The Trap Lending Scheme was set up in 2004 and has provides over three hundred traps, which are scattered throughout Golden Bay. The project is a Forest and Bird initiative and also partly DOC sponsored to lend out traps to people on private land. The catch numbers are monitored.
New Zealand's native wildlife has evolved in isolation and in the absence of land mammals for over 80 million years. Stoats and rats were introduced into New Zealand in the 1800s, and they have flourished in their new environment and love living in our native bush where they prey on our precious native birds and their young.
There are 148 Stoat Traps lent out as part of the trap lending scheme. They are DOC150's and Doc200's in wooden boxes, and there are 172 Victor Rat Traps in tunnels also.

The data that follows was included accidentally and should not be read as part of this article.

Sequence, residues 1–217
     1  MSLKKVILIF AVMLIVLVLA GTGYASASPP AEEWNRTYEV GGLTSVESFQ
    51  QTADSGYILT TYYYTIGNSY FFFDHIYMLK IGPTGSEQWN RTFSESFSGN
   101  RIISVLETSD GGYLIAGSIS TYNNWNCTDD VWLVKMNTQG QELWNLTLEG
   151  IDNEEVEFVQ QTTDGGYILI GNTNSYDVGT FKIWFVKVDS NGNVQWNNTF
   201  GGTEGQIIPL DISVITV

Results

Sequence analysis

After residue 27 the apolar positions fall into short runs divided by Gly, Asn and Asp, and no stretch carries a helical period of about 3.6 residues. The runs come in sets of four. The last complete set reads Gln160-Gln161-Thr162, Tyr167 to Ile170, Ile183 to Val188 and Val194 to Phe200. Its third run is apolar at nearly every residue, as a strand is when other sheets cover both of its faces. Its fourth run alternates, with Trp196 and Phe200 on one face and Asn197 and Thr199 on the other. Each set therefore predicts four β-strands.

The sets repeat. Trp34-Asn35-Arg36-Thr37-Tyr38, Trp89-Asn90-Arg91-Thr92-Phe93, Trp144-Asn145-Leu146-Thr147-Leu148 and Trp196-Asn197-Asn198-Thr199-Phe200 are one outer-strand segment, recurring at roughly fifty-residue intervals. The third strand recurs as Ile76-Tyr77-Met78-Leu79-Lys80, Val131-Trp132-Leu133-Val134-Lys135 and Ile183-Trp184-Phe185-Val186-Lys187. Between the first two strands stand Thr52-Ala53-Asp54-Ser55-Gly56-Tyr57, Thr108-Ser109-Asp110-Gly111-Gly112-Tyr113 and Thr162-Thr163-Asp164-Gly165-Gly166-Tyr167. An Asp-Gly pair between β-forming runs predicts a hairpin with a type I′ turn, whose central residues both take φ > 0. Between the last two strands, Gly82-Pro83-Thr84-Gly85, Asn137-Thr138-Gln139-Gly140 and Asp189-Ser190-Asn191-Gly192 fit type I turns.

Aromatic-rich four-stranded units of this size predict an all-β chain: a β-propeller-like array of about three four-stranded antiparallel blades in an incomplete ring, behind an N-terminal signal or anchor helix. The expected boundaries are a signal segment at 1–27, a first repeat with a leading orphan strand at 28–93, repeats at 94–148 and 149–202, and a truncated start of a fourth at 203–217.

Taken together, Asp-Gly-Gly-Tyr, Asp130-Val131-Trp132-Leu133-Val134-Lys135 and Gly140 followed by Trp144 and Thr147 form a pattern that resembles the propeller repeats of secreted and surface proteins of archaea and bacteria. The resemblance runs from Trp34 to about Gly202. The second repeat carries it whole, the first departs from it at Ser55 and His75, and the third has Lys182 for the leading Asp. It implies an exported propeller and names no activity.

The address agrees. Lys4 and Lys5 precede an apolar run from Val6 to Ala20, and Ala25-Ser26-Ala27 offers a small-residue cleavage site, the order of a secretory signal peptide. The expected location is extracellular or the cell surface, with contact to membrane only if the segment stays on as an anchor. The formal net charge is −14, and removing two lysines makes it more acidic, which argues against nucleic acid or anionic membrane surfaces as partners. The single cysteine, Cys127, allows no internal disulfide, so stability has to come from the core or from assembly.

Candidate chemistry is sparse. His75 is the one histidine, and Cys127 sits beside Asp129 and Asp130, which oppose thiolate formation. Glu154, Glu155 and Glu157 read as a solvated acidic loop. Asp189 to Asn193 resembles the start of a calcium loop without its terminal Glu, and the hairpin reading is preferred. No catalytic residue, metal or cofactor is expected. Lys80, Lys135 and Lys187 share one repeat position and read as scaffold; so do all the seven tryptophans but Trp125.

Refer to the trapping data on the right to see the results.
The Trap lending scheme run by Robyn Jones in Golden Bay is to protect not only one targeting species, but all the native birds, which are found in the area. That includes common species like the Tui, Bellbird or Kereru as well as declining ones like the Fernbird; our secretive wetland dwellers who have seen a rapid decline in numbers mainly due to drainage of wetlands and conversion to pasture, combined with predation by introduced mammal such as cats, rats, dogs and mustelids.
To read more about our native bird species, check out DOC's A-Z of native birds
For more information on the trap lending scheme, please use the email link below to contact Robyn Jones (email@example.com)